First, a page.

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Warren Buffett’s Berkshire Hathaway continued to sell off stakes in publicly traded companies, shedding more than $5bn of exposure to US and foreign stocks in the third quarter as the firm struggled to find appealing investments in a volatile market.
The sales mean the sprawling conglomerate has sold stocks for four straight quarters, with divestments approaching $40bn. It has cut positions in companies such as oil major Chevron, automaker General Motors and insurer Marsh & McLennan.
The value of Berkshire’s stock portfolio shrank to $319bn from $353bn at the end of June, a decline fueled by the slide in the broader market as investors came to believe that the Federal Reserve would keep interest rates higher for longer.
That has weighed on the valuations of publicly traded companies and prompted some portfolio managers to search for better returns in fixed income markets.
Buffett’s investment shifts are closely followed by fund managers and the wider public for clues as to where the 93-year-old investor sees attractive returns.
He directed the proceeds of those stock sales, as well as the cash flows Berkshire’s many businesses generated, into cash and treasury bills. The company’s cash pile surged nearly $10bn to a record $157.2bn at the end of September, a sum that gives it formidable firepower for acquisitions.
Berkshire has been one of the big beneficiaries of rising interest rates, which in the US climbed above 5 per cent this year. The company disclosed that the interest income it was earning on its insurance investments climbed to $1.7bn in the quarter, lifting the sum to $5.1bn over the past 12 months. That eclipsed the total interest Berkshire earned on its cash reserves in the preceding three years combined.
Buffett disclosed that the company repurchased $1.1bn worth of Berkshire stock in the quarter, down from the $1.4bn it spent in the second quarter.
The company’s operating businesses, which span the BNSF railroad, Geico insurer and aircraft parts maker Precision Castparts, reported a 41 per cent rise in profits to $10.8bn during the quarter. The gains were fueled by its insurance unit, which reported strong underwriting profits of $2.4bn, offsetting weakness at BNSF and its large utility business.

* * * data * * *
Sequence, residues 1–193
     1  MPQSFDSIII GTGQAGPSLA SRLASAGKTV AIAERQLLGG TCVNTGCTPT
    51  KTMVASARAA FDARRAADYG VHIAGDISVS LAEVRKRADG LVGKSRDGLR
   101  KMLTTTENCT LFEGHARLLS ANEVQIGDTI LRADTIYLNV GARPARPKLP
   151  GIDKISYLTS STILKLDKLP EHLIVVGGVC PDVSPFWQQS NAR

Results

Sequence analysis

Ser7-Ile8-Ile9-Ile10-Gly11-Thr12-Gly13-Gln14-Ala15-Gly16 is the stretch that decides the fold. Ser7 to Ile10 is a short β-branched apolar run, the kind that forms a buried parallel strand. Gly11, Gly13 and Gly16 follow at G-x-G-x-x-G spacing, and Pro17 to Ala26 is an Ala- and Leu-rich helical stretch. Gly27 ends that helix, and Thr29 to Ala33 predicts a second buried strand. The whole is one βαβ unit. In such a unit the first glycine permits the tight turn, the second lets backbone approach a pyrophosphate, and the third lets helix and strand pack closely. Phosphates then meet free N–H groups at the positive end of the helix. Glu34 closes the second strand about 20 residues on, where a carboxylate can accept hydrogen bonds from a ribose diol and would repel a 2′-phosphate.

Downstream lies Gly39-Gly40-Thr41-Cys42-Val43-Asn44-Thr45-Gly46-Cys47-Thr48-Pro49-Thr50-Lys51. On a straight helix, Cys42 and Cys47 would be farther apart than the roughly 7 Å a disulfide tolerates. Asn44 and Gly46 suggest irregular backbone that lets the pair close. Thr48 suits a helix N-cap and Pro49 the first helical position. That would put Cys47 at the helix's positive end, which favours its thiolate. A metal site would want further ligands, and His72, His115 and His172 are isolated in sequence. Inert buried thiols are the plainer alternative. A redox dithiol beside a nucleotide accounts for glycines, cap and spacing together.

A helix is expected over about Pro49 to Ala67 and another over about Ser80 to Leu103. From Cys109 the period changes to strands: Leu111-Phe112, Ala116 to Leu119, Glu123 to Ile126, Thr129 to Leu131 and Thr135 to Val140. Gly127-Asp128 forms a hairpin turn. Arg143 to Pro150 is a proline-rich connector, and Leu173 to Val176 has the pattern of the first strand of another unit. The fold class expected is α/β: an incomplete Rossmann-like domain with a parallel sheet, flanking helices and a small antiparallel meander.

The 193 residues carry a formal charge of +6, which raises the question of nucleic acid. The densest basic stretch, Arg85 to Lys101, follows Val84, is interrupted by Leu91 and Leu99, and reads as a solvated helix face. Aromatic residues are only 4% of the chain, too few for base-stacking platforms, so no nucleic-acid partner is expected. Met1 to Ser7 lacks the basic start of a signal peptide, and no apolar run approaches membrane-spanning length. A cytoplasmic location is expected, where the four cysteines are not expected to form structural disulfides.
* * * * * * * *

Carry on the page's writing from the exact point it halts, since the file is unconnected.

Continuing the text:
Ajit Jain, a Berkshire vice-chair who oversees its insurance operations, told shareholders in May that the company had wagered heavily on the Florida insurance market and had written policies in the hurricane-prone state.
It was a risky bet that Jain estimated could cost Berkshire as much as $15bn if the state was hit by powerful storms. But this year, the state experienced a relatively tame season.
Berkshire on Saturday reported that significant catastrophe losses — individual insurance losses that top $150mn — had only reached $590mn in the first nine months of the year. That figure is down from $3.9bn in the same period last year, when Hurricane Ian pummeled Florida.
“While the margins have been healthy, we have a very unbalanced portfolio,” Jain said at the annual meeting. “What that means is if there’s a big hurricane in Florida, we will have a very substantial loss.”
He estimated in May that Berkshire could register a profit of $7bn if hurricane season ended without a big storm.
The company’s overall results were dragged down by declines in the value of its stock portfolio, which it must account for in its profit statement. Berkshire said it registered a net loss of $12.8bn, or $8,824 per class A share, compared with a $2.8bn net loss a year ago.
Buffett has long characterized the net earnings figures as meaningless, saying the figures can be “extremely misleading to investors who have little or no knowledge of accounting rules”.
Shares of the company have climbed 13.9 per cent this year, below the 15.1 per cent total return of the S&P 500 stock index.